November 10-16: Including Nurse Jackie and The Suspects

by Fiona Rae / 10 November, 2012


Gloss (TVNZ Heartland, Sky 017, 8.30pm). You’d think that being able to see the local answer to Dynasty and Dallas would be every Kiwi’s birthright, but it’s the Sky-only Heartland channel that gets to screen the first episode of the 1985 drama. Gloss has come to represent the pre-crash profligate 80s, when wealthy Aucklanders really began to flaunt it. “Wealth had changed and become very obvious,” says Gloss producer Janice Finn on the NZ On Screen website. The show included some of our most illustrious actors: Ilona Rodgers, Lisa Chappell, Peter Elliott, Miranda Harcourt, Danielle Cormack, Temuera Morrison, Kevin Smith and Craig Parker featured, and it’s where writer James Griffin (Outrageous Fortune and The Almighty Johnsons) began his screenwriting career.


Smash (TV3, 11.00pm). Glee had Gwyny and Kate Hudson, now Smash has Uma. That’s right, Uma Thurman pays the bills with a guest-star appearance as the Hollywood-diva leading lady of the Marilyn Monroe musical. It’s a fleeting appearance this week, however; she is stuck in Cuba and Karen (played by American Idol discovery Katharine McPhee), her understudy, has to cover. Next week she starts in earnest, and she’s a total … well, we couldn’t possibly say in a family magazine.

Rugby (Sky Sport 1, Sky 030, 3.20am Mon). The All Blacks’ European Tour begins at Murrayfield in Scotland and it looks likely that coach Steve Hansen will use this game and next week’s match against Italy to give emerging players a run in the park. Relative newbies Sam Cane, Beauden Barrett, Dane Coles and Tawera Kerr-Barlow could all get time off the bench as Hansen looks to a future without senior players such as Keven Mealamu, Andrew Hore and Ma‘a Nonu. The final two games of the tour against Wales and England may present tougher challenges and will likely see the old guard back in action.


2012 MTV Europe Music Awards (MTV, Sky 014, 9.00am). The MTV Video Music Awards’ unkempt cousin is this year hosted by Heidi Klum in Frankfurt. As for the Europe part – well, music is worldwide now, isn’t it? The list of nominees includes Justin Bieber, Katy Perry, Rihanna, Lady Gaga, Jay-Z and Taylor Swift. The Gotye song that features our own pop princess Kimbra, Somebody That I Used to Know, is up for Best Song, and K-Pop newcomer Psy is in the Best Video category for his insanely cheesy and catchy Gangnam Style.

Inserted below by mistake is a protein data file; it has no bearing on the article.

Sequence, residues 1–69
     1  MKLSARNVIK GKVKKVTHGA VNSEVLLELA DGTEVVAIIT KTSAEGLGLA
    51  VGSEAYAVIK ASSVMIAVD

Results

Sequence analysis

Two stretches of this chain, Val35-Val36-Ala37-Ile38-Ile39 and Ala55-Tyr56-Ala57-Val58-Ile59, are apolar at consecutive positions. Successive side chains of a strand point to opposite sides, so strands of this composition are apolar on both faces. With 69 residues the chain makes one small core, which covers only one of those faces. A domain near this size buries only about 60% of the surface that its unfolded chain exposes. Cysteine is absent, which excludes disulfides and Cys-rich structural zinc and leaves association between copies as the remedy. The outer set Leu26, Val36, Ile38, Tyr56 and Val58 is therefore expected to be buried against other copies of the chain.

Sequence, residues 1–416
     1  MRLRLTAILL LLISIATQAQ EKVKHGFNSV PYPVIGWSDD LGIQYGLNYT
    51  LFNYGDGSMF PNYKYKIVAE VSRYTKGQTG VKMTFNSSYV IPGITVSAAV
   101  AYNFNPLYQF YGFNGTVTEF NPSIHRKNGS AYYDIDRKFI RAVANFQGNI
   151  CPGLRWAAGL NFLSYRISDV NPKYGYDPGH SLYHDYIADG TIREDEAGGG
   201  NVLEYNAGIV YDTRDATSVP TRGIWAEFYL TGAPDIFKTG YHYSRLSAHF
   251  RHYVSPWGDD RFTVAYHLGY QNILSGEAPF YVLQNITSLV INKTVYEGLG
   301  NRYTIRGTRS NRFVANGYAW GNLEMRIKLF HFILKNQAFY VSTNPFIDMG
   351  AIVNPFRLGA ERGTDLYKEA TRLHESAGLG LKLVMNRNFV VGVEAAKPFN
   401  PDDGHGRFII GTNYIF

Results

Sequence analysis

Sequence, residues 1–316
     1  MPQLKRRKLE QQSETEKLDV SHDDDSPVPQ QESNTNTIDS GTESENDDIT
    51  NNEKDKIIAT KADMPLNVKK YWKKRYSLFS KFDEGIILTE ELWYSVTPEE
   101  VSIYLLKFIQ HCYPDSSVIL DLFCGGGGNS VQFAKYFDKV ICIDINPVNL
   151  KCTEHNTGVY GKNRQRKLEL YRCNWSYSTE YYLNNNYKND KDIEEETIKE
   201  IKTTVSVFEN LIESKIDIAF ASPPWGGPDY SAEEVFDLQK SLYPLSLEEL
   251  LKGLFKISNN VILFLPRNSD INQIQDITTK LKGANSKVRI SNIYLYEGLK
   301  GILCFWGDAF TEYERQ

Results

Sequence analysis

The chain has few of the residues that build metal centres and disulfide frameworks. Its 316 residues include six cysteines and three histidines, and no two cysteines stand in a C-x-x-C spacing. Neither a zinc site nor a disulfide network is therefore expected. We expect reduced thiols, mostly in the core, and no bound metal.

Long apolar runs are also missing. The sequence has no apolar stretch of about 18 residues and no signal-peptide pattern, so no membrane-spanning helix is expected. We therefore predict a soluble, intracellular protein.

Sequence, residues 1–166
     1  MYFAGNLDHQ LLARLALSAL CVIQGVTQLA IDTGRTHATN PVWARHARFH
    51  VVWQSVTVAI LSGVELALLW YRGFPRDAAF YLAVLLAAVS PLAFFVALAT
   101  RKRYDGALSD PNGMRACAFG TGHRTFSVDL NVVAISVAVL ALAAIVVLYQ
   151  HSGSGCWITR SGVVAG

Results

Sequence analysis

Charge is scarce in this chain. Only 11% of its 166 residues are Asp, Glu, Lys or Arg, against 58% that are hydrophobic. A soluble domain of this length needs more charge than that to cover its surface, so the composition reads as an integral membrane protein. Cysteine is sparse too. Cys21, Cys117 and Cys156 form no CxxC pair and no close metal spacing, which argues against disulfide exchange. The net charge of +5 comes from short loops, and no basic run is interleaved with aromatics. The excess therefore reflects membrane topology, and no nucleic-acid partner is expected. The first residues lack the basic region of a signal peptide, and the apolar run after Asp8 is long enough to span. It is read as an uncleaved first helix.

The Suspects (TV1, 8.30pm). The title of this factual series has been shortened from The Suspects: True Australian Thrillers, which would have at least saved us guessing its providence. Australian crimes, then, even if it’s presented by Kiwi Roy Billing, known for playing “Aussie” Bob Trimbole in the Underbelly series. Every week, three cases play out in a whodunit style. “A lot of crime shows and dramas focus on the criminals, but this one highlights the cops and how they bring people to justice,” Billing told Sydney’s Telegraph. “You realise how dedicated, clever and hard-working they are.”

Prime Rocks: Michael Hutchence (Prime, 9.35pm). His music wasn’t up to much, with the exception of the INXS hit Need You Tonight, but the rock-star template of Michael Hutchence’s life has a certain fascination. His death in a Sydney hotel room in 1997 followed years of addiction and a turbulent relationship with Bob Geldof’s ex-wife Paula Yates. Behind the Music tells the story of Hutchence’s musical career and features interviews with family and friends as well as unreleased recordings.